There is much I want to say about voice, but the subject is varied and, in its own way, inexhaustible. I hope to return to it as the month goes on. But for the moment, I want you to consider just how many ways a voice can make its way onto the page, and to consider your own voice.
NaPoWriMo: April is National Poetry Writing Month!
When the writer encounters the page, what the pen reveals is a mixture of several elements, all swirling or steaming about in one’s head, ingredients that combine to make something greater than the whole. Poetry differs from prose in that it uses a kind of music to deliver its thrust, its zing. Words are a salt bomb, that twinge of tart or umami that the palate cannot miss. And, just as with actual cooking, it is often the order in which the ingredients go in, and the time they simmer, that create the finished product.
What distinguishes one writer from another, beyond the obsessions that make their way to the page, are the choices they make, and one of the most important and controlling choices will always be how the writer decides to present their ideas, how they communicate. Poetry is told in words, but the medium differs from prose, and not just by line breaks. It is entirely possible to write a broken prose. There is a sense of cohesiveness, togetherness, that coalesces into a distinct sum; and a major determining factor will be the delivery of the emotion/idea.
Poems are like jokes: they are impossible to paraphrase. To get at the marrow of a poem, you must read it in its originality. (Of course, this makes poems in foreign languages far more difficult; you’re thrown back on complete trust in the translator.) And just like with jokes, it is pace, the emphasis, the vernacular, that sets up the tension and lets it resolves.
In The Poet’s Companion (pp. 115-116), Kim Addonizio and Dorianne Laux explain:
In poetry, the term voice has been used to describe that sense of a unique presence on the page—an unmistakable something that becomes the mark of a writer, a way of saying things that is the writer’s own. . . . We want a presence that convinces, one that engages and seduces a reader into the world of our poems, a voice a reader will want to listen to. When we fail to produce this voice, the poem fails. The reader laughs when we want her to cry, or turns away disinterestedly when we passionately want his attention from her. The poem doesn’t communicate what we meant; the voice is garbled, confused, talking to itself.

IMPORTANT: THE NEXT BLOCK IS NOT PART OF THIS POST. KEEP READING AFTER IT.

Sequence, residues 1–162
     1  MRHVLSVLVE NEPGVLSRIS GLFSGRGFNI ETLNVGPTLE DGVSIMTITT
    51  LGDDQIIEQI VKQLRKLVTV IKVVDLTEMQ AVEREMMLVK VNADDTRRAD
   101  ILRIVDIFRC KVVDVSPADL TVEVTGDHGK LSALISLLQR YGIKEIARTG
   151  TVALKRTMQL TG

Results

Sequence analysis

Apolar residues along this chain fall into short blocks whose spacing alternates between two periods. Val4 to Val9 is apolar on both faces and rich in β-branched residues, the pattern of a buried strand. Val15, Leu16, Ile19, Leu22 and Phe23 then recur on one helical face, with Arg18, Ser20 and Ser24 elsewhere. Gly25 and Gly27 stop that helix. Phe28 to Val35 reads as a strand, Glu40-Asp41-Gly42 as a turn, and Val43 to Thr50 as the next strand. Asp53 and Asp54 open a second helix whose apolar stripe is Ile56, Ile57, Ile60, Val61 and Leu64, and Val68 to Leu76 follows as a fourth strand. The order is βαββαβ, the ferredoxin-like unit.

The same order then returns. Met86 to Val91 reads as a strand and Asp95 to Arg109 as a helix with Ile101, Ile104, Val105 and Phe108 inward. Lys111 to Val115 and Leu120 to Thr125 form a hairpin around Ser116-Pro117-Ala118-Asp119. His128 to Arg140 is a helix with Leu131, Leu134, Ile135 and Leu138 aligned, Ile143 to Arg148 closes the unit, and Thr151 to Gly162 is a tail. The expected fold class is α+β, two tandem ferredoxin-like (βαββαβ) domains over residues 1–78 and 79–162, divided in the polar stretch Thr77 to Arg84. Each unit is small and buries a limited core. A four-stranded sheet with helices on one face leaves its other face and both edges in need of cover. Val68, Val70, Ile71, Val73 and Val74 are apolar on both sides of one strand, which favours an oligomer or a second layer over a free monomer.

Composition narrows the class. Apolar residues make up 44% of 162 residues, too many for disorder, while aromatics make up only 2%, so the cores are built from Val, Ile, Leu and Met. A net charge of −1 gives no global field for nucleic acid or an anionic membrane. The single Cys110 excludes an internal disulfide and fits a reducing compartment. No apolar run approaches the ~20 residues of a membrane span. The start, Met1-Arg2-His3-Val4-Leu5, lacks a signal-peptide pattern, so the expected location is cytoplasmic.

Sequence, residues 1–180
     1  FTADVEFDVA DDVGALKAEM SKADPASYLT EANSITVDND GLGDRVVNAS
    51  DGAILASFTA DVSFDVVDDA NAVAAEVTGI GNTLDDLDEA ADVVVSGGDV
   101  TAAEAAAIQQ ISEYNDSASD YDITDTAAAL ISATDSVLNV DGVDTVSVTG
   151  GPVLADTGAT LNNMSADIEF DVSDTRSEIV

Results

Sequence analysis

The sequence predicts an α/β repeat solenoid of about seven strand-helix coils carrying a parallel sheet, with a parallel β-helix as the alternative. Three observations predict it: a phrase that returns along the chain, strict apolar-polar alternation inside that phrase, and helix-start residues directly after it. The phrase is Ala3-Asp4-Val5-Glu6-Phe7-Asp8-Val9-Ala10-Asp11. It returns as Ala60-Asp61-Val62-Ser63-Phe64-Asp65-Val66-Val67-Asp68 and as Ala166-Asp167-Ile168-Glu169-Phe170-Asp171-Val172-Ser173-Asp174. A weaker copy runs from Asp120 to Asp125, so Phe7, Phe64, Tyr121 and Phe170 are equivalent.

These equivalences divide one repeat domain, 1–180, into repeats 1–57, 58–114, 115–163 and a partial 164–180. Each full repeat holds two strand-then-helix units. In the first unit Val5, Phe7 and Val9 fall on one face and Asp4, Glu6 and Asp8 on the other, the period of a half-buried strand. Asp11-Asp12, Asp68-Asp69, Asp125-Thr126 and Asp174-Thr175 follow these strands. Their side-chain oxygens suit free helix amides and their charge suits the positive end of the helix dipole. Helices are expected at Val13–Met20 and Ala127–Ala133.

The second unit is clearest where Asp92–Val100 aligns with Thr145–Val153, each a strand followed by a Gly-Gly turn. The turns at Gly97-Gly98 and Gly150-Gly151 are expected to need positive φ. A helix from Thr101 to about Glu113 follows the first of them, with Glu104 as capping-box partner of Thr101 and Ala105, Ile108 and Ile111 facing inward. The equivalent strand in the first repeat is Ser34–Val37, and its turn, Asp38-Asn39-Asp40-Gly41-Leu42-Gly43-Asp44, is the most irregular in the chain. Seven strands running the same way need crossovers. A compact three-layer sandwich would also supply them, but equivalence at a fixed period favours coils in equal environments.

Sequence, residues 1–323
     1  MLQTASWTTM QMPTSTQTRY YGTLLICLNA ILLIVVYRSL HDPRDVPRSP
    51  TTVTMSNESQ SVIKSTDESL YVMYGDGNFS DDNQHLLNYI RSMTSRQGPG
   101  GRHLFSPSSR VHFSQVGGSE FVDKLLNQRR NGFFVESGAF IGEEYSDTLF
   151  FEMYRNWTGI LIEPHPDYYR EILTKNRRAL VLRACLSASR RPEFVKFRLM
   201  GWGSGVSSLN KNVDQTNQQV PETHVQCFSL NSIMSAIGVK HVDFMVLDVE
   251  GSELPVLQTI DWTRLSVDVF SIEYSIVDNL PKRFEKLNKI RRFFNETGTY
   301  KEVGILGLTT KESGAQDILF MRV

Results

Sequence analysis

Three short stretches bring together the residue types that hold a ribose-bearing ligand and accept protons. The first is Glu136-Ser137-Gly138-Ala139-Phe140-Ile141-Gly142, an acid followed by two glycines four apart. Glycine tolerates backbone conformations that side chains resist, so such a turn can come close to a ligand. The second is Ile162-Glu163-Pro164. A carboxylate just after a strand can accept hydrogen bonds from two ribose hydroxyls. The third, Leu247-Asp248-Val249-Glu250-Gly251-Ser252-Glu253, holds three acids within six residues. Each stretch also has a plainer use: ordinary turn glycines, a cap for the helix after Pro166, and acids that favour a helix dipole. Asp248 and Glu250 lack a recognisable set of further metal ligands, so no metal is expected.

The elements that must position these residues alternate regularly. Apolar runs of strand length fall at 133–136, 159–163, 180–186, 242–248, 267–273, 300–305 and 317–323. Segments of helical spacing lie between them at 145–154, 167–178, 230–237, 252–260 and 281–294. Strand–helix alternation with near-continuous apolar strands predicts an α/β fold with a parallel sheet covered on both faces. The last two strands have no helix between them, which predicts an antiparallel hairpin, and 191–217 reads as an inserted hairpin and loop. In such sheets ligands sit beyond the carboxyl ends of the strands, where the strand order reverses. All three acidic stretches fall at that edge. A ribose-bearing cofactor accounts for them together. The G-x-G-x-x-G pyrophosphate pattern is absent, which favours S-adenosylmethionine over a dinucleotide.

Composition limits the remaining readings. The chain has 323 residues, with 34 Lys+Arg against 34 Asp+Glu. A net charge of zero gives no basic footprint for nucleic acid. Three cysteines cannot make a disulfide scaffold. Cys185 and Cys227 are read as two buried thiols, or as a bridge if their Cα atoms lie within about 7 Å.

Intrinsic to the modulation of voice is word choice, also known as diction—the vocabulary of a piece. The first words of the first line are very important because, just like in a game, one’s first moves delimit the rest of your available choices. They set tone. (Tone operates like mood in fiction, though mood is usually connected to setting, which is not a necessary element in poetry.) While tone can certainly shift as the poem expands, if the poem drops or switches tone without warrant—without earning that change—the reader will be wildered and often will step out of the poem to see what they missed. This is dangerous territory—the reader may lay the poem aside and never return.
So it’s important to pay attention to one’s initial word choices to see what they can offer as a springboard for the universe of words the poem is first permitted. Diction necessarily narrows one’s pool of availability. As the poem grows and utilizes more words, that universe expands (or, just as often, becomes more fine-tuned and specialized).
Style, too, becomes tangled up in this process. “style is really interchangeable with voice, in this sense, and it’s useful to remember that style in a writer is revealed by the characteristic choices a writer makes,” Addonizio and Laux advise us. Over time, over the course of the writer’s entire span, that writer’s style makes itself known through trial and error, as well as accumulation, the reservoir the poet reflexively revisits. “Writing and reading are the only ways to find your voice,” they tell us.